Reducing doses of antipsychotics in patients with bipolar disorder (BD) or major depressive disorder (MDD) may result in higher rates of inpatient and psychiatric admissions and emergency room (ER) visits, according to research presented at the 2017 Psych Congress, held September 16 to 19.

This retrospective study conducted by a team of researchers led by Sanjay Gandhi, PhD, from the Global Health Economics Department at Teva Pharmaceuticals in Frazer, Pennsylvania, sought to determine the healthcare burden associated with reducing antipsychotic dosing in patients with BD or MDD. The team used rates of all-cause and mental health-related hospitalization and ER visits as an indicator.

Using Medicaid data from 6 states (Iowa, Kansas, Mississippi, Missouri, New Jersey, and Wisconsin) collected between 2008 and 2017, the researchers studied patients ≥18 years with a diagnosis of either BD (n=23,992, 37.8% male) or MDD (n=17,776, 33.5% male) and ≥2 oral antipsychotic prescription fills following diagnosis. They reviewed the data of patients on antipsychotic monotherapy for whom the medication dose had been reduced by ≥10%, and compared it with that of patients on a stable dose for ≥91 days (number-, age-, and gender-matched controls). Patients were followed for 1 year after initial dose reduction for cases, and for 1 year after first refill following the 90-day stable dose period for controls.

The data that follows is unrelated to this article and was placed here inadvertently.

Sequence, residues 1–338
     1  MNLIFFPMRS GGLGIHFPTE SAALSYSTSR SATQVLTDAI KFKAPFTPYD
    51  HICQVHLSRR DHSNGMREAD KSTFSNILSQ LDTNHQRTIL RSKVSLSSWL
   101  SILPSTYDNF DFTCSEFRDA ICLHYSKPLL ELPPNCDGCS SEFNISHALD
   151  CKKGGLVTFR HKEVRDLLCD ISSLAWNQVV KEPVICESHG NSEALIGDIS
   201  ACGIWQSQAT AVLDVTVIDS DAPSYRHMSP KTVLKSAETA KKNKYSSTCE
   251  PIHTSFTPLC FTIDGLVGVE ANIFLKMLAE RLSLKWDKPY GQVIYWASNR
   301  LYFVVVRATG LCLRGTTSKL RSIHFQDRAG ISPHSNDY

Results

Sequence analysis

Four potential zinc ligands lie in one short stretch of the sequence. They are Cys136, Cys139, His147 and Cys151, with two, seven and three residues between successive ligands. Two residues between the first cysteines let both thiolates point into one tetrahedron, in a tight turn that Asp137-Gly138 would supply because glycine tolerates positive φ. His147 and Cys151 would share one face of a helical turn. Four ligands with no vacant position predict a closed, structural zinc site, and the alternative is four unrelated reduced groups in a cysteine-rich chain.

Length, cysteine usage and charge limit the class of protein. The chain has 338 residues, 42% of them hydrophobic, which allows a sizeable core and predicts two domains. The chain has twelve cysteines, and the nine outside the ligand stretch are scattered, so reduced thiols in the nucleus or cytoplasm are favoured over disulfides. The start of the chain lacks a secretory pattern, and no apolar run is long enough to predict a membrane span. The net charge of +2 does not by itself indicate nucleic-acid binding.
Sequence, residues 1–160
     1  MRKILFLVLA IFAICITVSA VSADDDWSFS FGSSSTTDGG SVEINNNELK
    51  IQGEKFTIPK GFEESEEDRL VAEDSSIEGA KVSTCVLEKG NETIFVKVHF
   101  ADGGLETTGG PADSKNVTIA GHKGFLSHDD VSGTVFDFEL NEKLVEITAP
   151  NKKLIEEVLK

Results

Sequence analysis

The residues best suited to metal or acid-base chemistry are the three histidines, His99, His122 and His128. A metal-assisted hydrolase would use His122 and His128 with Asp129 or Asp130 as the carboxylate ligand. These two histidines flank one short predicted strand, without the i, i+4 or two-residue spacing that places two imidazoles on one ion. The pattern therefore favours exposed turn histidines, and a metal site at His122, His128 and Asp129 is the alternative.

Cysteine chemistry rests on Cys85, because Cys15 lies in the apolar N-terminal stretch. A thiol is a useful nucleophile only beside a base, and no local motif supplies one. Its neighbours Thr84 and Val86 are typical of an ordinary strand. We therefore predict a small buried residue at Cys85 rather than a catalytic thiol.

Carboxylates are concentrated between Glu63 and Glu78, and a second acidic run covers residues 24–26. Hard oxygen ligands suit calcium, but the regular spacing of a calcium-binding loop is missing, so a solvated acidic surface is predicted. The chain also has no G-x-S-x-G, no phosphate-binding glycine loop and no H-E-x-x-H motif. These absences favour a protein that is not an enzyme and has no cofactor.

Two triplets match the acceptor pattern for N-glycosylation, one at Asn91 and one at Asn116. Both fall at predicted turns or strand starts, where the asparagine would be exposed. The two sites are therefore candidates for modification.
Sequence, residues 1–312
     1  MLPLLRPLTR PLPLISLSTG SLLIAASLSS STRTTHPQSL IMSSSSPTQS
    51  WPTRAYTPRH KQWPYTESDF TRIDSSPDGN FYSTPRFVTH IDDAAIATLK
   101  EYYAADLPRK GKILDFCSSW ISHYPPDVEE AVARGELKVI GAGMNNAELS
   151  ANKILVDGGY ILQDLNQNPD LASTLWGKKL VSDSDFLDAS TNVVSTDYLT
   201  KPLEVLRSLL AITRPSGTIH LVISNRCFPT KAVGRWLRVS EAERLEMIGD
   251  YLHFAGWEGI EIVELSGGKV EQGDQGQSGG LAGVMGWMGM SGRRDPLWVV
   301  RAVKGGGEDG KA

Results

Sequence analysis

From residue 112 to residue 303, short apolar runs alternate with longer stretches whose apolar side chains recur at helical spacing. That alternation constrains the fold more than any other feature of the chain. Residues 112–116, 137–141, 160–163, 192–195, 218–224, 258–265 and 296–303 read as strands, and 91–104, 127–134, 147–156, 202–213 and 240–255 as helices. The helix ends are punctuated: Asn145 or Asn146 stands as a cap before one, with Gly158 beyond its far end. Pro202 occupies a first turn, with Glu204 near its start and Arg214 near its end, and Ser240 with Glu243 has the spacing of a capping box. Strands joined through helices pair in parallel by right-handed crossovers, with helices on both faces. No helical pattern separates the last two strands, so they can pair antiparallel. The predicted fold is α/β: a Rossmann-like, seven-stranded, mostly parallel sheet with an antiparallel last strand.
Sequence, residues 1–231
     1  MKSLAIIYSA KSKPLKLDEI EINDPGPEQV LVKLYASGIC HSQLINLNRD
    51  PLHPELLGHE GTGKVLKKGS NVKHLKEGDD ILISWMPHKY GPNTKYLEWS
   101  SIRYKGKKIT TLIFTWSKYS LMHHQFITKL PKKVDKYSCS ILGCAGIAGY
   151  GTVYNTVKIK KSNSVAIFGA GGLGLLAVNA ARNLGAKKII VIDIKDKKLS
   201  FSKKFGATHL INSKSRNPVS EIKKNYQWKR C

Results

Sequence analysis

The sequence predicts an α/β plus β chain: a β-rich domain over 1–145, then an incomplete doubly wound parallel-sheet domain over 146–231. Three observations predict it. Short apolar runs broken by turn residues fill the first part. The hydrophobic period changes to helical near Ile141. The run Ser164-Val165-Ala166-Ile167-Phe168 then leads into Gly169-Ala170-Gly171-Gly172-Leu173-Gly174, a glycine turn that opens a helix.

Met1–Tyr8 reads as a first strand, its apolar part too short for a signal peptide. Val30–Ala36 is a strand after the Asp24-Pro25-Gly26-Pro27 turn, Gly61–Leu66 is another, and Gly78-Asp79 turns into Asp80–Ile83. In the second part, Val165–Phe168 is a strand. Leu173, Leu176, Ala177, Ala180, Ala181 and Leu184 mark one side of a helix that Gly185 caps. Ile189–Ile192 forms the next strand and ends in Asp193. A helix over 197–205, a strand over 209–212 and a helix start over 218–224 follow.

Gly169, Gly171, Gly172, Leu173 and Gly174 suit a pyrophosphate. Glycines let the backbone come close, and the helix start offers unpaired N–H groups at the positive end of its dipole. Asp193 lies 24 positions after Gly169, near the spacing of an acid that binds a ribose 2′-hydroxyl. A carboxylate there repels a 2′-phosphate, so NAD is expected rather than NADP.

Dose reductions were similar for the 10 most commonly prescribed antipsychotics (including quetiapine, aripriprazole, and risperidone) in the cohort of study participants with BD or MDD. Patients who had experienced a ≥10% antipsychotic dose reduction had higher rates of inpatient admissions compared with controls (for BD: hazard ratio [HR], 1.17; 95% CI, 1.12, 1,23; P <.001; for MDD: HR, 1.11; 95% CI, 1.05, 1.16; P <.001), as indicated by a cox regression analysis. Similar results were found for ER visits and psychiatric admission for ≥10% and ≥30% dose reductions in patients with BD or MDD, compared with their counterparts on stable-dose antipsychotics (P <.001 for all).

Among patients with BD, those with a ≥10% dose reduction demonstrated a first-year event rate of 52.1% vs 49.9% for controls (HR, 1.09; 95% CI, 1.05, 1.13); <.001). For patients with MDD, those with a ≥10% dose reduction had a first-year event rate of 51.1% vs 50.2% for controls (HR, 1.07; 95% CI, 1.02, 1.11; <.01).